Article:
April 23, 2007

I'll post it again: "Banish one of the mysteries of faith!"

The Missale Romanum is the Latin book of prayers (and some readings) that priests use in the celebration of the Mass. The English translation of it that we use in the United States is called The Sacramentary.

At every Mass, after the consecration of bread and wine into the Body and Blood of Christ, the priest is to say,
Mysterium fidei, “The mystery of faith.”
The people then respond.
In the Missale Romanum, the first option for their response is,
Mortem tuam annuntiamus, Domine, et tuam resurrectionem confitemur, donec venias,
“We announce your death, O Lord, and we confess your resurrection, until you come.”
[Note. Before Vatican Council II, these words were part of what the priest alone said as part of the consecration of the wine into the Blood of Christ, and the people made no acclamation after the consecration.]

The Missale Romanum offers two other options for the people to use, but these appear in the Appendix towards the back of the book.
They are listed in the following numbered order.
1. Mortem tuam annuntiamus, Domine, et tuam resurrectionem confitemur, donec venias. (Already translated above)

2. Quotiescumque manducamus panem hunc et calicem bibimus, mortem tuam annuntiamus, Domine, donec venias. “Each time we eat this bread and drink this chalice, we announce your death, O Lord, until you come.”

3. Salvator mundi, salva nos, qui per crucem et resurrectionem tuam liberasti nos. “Savior of the world, save us, you who by your cross and resurrection have freed us.”
In all the options the Missale Romanum offers, the people speak directly to Christ himself.

However, things are not so in The Sacramentary of the U.S.A.

The first option to appear in The Sacramentary is,
“Christ has died, Christ is risen, Christ will come again.”
It receives emphasis by being listed as the first option (“A”) out of four, and by being the only one printed with a musical setting (unless one turns to one of the appendices in the back of the book, and finds all four of the options set to music there).
Option A, “Christ has died, Christ is risen, Christ will come again”, is a failure in several ways.
It fails completely to be a translation of any of the options the Missale Romanum provides; rather it is simply an invention.
It prevents the people from speaking directly TO Christ himself. Instead, they are speaking ABOUT Christ. To whom are the people speaking when this option is used? To themselves? To each other? To the priest? To non-Catholics? To non-Christians? No one really knows.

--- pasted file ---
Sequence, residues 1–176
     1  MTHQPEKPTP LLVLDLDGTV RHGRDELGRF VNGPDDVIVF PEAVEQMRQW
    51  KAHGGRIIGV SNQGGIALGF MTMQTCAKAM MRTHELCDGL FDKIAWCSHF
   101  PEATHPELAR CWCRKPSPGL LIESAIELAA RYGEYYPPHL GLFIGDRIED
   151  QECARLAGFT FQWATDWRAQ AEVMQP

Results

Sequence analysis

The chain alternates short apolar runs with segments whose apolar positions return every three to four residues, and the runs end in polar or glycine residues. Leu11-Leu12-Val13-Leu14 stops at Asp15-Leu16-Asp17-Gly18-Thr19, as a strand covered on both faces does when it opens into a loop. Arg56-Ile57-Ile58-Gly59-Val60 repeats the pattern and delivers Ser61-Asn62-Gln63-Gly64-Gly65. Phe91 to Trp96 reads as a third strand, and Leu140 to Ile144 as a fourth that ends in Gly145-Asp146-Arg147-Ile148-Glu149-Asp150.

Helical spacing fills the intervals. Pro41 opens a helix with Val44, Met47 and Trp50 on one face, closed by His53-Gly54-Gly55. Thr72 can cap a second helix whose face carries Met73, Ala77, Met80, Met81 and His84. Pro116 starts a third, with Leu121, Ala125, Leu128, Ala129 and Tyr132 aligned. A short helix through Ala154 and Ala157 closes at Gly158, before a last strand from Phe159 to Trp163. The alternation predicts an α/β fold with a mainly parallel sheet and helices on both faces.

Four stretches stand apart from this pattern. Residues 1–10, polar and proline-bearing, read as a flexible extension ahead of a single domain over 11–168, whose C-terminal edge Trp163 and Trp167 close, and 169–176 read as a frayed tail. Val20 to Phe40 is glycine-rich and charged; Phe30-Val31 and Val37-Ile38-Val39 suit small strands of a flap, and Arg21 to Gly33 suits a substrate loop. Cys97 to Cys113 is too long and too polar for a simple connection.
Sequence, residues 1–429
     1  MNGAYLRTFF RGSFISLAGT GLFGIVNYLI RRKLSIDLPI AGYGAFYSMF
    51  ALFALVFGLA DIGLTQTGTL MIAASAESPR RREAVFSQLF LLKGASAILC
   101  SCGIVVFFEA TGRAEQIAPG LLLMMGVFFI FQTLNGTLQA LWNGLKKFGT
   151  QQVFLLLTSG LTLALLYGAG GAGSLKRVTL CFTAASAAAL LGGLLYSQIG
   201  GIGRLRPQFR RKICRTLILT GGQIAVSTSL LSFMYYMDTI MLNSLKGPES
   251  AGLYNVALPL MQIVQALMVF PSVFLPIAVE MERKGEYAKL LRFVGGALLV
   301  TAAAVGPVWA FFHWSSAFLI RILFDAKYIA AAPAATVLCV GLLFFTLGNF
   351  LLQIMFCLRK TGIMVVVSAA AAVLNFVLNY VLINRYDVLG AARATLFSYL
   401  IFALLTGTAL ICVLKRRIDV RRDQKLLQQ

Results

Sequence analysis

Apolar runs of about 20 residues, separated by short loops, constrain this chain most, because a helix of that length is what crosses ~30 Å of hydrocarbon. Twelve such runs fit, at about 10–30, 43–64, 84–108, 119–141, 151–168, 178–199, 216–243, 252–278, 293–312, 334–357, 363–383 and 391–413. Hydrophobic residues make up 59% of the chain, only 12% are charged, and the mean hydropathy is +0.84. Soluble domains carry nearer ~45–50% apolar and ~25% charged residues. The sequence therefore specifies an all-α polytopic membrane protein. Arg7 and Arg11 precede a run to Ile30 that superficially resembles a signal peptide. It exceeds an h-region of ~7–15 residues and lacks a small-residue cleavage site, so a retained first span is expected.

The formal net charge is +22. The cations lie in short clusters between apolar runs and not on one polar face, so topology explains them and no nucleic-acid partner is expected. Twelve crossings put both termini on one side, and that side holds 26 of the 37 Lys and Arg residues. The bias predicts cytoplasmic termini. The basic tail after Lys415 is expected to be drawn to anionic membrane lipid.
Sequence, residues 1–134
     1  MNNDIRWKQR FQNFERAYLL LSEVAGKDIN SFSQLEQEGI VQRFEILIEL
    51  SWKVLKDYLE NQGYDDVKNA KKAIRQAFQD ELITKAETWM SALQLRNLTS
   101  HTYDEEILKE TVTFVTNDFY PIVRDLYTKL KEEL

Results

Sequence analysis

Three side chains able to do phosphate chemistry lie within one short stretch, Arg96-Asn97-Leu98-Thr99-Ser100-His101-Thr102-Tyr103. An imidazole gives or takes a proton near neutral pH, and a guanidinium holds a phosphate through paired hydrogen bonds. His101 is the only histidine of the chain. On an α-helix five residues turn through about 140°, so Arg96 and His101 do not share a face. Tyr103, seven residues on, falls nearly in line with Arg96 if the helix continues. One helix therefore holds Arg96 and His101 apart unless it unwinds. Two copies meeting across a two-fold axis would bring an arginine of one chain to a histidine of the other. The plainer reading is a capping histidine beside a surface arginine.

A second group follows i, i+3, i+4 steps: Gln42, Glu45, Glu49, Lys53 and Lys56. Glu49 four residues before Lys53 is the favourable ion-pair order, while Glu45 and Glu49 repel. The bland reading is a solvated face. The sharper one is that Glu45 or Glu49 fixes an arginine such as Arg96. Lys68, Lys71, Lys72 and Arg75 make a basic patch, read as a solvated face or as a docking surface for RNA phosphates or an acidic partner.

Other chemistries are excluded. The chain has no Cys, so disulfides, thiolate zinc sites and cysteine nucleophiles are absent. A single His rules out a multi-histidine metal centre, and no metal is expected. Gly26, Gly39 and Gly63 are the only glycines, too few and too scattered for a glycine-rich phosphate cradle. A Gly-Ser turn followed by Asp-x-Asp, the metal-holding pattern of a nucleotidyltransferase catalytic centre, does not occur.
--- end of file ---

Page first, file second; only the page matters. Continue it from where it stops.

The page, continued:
That is the so-called “mystery of faith” that needs to be banished. It simply is a failure.

What about the other options in The Sacramentary?
B. Dying you destroyed our death, rising you restored our life. Lord Jesus, come in glory.

C. When we eat this bread and drink this cup, we proclaim your death, Lord Jesus, until you come in glory.

D. Lord, by your cross and resurrection you have set us free. You are the Savior of the world.
Notice that not one of them is a translation of the first option of the Missale Romanum.
The closest is “B”, which manages to contain the themes of Option 1 from the Missale Romanum, but is really not a translation of it.
Option 1 of the Missale Romanum is simply missing from the translations or options appearing in The Sacramentary.

Option C in The Sacramentary is acceptable as a translation of Option 2 from the Missale Romanum.

Option D in The Sacramentary is a PARTIAL translation of Option 3 from the Missale Romanum.
What’s missing is the people’s request, “Save us!”— salva nos.
The one advantage of Option D is that its first word immediately makes it clear that we are speaking directly to Christ.
“LORD, by your cross and resurrection you have set us free. You are the Savior of the world.”

Are you a music director? Banish Option A!

In Masses without singing, I always lead the congregation into Option D.


4 Comments:

Anonymous cjmr said...

We usually do C or D at spoken Masses. Sometimes A. I haven't figured out if there is a pattern to when we do which.

Unfortunately, I don't think we'll be banishing A at Sunday Mass any time soon. Maybe if it isn't in the new translation...

9:51 AM  
Blogger beez said...

It wasn't in the new translation I saw recently...

10:08 AM  
Blogger Gregory said...

I'm a convert from a denomination that used the 1979 Episcopal Book of Common Prayer (BCP). "Christ has died..." is the acclamation for Rite II Prayer A in the BCP, so I wonder if the producers of the American Sacramentary put in Option A as an ecumenical move. That is no excuse for adding to what is supposed to be a translation of an authoritative source, but it might be an explanation of where it came from.

10:12 AM  
Blogger Mark said...

I have read that "A" is not a translation at all, but an acknowledged and copyrighted original composition by the ICEL.

The ICEL had/has no authority to produce original compositions.

11:37 AM  

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